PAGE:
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There's now a deal on the table to let TikTok continue operating in the U.S. with the backing of a major American tech firm, potentially staving off President Trump's plan to ban the popular Chinese-owned video app by mid-month.

Yes, but: Software giant Oracle's proposed deal isn't the straightforward acquisition that Microsoft had jockeyed for until falling out of the running this weekend, and the whole affair is still rife with unknowns.

Driving the news: The Trump administration is reviewing a deal that would make Oracle TikTok's "trusted technology partner" in the U.S., Treasury Secretary Steven Mnuchin confirmed to CNBC Monday, after multiple press outlets reported Sunday night that Oracle had made such an offer.

  • The proposal includes "many representations for national security issues" from Oracle, Mnuchin said, as well as a commitment to establish TikTok's global headquarters in the U.S. and create 20,000 new American jobs.

Meanwhile: Chinese state media reported early Monday that TikTok parent ByteDance isn't selling its U.S. operations or the algorithm driving the app — to Microsoft or Oracle.

  • Some commenters took that as a sign that Beijing is quashing all hopes of a deal of any kind. Yet the report would also appear to track with the more limited arrangement Mnuchin described.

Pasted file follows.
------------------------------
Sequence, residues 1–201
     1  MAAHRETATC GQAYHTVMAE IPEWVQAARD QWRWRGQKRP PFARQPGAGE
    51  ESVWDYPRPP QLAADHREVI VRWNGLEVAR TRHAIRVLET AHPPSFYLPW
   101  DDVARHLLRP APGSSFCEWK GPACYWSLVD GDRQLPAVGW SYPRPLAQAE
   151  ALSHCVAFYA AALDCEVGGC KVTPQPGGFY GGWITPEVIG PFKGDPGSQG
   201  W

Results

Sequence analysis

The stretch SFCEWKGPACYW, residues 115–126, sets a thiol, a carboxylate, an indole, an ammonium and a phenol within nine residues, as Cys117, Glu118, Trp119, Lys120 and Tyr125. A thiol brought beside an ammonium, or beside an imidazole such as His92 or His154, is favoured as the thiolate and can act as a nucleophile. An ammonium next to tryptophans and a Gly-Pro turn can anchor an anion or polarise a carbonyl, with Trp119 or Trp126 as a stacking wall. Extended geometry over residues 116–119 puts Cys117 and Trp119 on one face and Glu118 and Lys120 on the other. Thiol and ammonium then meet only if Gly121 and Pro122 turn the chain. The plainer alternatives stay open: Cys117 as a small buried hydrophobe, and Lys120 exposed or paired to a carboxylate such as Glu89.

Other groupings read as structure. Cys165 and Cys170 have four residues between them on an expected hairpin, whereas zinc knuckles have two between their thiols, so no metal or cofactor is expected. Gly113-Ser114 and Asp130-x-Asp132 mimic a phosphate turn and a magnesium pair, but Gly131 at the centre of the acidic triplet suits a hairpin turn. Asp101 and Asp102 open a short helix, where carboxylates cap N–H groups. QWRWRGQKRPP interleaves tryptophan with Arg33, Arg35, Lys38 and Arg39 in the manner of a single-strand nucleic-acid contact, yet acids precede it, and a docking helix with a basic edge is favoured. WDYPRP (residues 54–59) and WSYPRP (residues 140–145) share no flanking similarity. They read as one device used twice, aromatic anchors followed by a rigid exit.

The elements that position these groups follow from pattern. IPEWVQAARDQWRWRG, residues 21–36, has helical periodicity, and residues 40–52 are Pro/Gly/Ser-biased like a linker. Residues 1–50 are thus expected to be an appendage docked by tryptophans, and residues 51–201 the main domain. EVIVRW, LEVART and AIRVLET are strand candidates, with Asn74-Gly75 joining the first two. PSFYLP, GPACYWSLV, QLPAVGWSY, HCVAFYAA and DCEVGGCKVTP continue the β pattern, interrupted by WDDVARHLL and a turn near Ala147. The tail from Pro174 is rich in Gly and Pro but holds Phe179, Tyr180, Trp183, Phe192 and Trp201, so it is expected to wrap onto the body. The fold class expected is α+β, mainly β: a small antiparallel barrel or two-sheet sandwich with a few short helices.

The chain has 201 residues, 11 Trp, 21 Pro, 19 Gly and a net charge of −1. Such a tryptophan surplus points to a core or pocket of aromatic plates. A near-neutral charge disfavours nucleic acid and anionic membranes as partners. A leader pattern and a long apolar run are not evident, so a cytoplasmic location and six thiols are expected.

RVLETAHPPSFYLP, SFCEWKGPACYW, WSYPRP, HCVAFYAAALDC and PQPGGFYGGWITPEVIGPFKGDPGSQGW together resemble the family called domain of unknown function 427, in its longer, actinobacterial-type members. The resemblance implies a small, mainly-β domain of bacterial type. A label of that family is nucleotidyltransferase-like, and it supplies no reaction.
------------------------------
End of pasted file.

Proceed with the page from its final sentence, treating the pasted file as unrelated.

Between the lines: In the middle of talks last month between U.S. companies and China's ByteDance, which owns TikTok, the Chinese government instituted new rules that prevent "technology based on data analysis for personalized information recommendation services" from being exported without a license.

  • China's move threw a new spanner in the works of a TikTok deal because TikTok's recommendation algorithm is the "secret sauce" that has won the app its success.
  • It also transformed the conflict from one where U.S. and Chinese businesses served as shadow proxies for their governments to one where the two nations' leaderships are directly clashing.

The intrigue: Oracle's CEO Larry Ellison is a prominent Trump supporter and the company has close ties to the administration. That could give the company an edge in trying to win White House approval for a deal that might not meet all the demands Trump has made.

  • The president has said that TikTok must become a fully U.S.-owned company — so the "trusted technology partner" approach may not fly.
  • Trump has also insisted — without providing any rationale for such an unprecedented demand — that the U.S. Treasury receive a cut of any deal.

The catch: The U.S. has argued, without providing evidence, that TikTok's ties to the Chinese government imperil the data of its U.S. customers.

  • It's unclear how a deal that gives TikTok an American "partner" to run its cloud operations would satisfy U.S. security concerns.
  • "A deal where Oracle takes over hosting without source code and significant operational changes would not address any of the legitimate concerns about TikTok," Alex Stamos, a cybersecurity expert and former Facebook security head, wrote on Twitter.